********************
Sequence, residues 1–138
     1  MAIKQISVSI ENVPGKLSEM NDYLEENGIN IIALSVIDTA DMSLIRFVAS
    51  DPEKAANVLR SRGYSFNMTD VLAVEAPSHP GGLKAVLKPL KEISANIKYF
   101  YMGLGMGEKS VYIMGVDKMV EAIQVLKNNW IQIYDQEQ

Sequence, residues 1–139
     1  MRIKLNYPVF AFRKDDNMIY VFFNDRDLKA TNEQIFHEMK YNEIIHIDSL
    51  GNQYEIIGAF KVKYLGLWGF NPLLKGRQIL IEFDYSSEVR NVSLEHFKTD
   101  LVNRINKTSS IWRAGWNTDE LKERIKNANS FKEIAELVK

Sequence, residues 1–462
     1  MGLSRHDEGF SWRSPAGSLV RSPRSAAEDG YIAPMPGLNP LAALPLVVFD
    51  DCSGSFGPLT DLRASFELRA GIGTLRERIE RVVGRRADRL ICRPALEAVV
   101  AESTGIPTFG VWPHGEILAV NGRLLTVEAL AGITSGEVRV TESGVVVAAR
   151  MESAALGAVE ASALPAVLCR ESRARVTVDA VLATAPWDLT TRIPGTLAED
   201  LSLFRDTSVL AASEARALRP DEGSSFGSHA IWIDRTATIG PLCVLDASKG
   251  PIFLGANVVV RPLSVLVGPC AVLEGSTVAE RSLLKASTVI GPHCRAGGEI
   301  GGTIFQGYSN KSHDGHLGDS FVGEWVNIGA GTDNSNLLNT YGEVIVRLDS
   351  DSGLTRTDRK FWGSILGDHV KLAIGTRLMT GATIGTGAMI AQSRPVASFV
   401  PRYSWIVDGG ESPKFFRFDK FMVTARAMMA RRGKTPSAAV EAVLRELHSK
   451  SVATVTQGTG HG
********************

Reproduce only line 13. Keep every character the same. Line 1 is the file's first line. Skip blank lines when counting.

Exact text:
   151  MESAALGAVE ASALPAVLCR ESRARVTVDA VLATAPWDLT TRIPGTLAED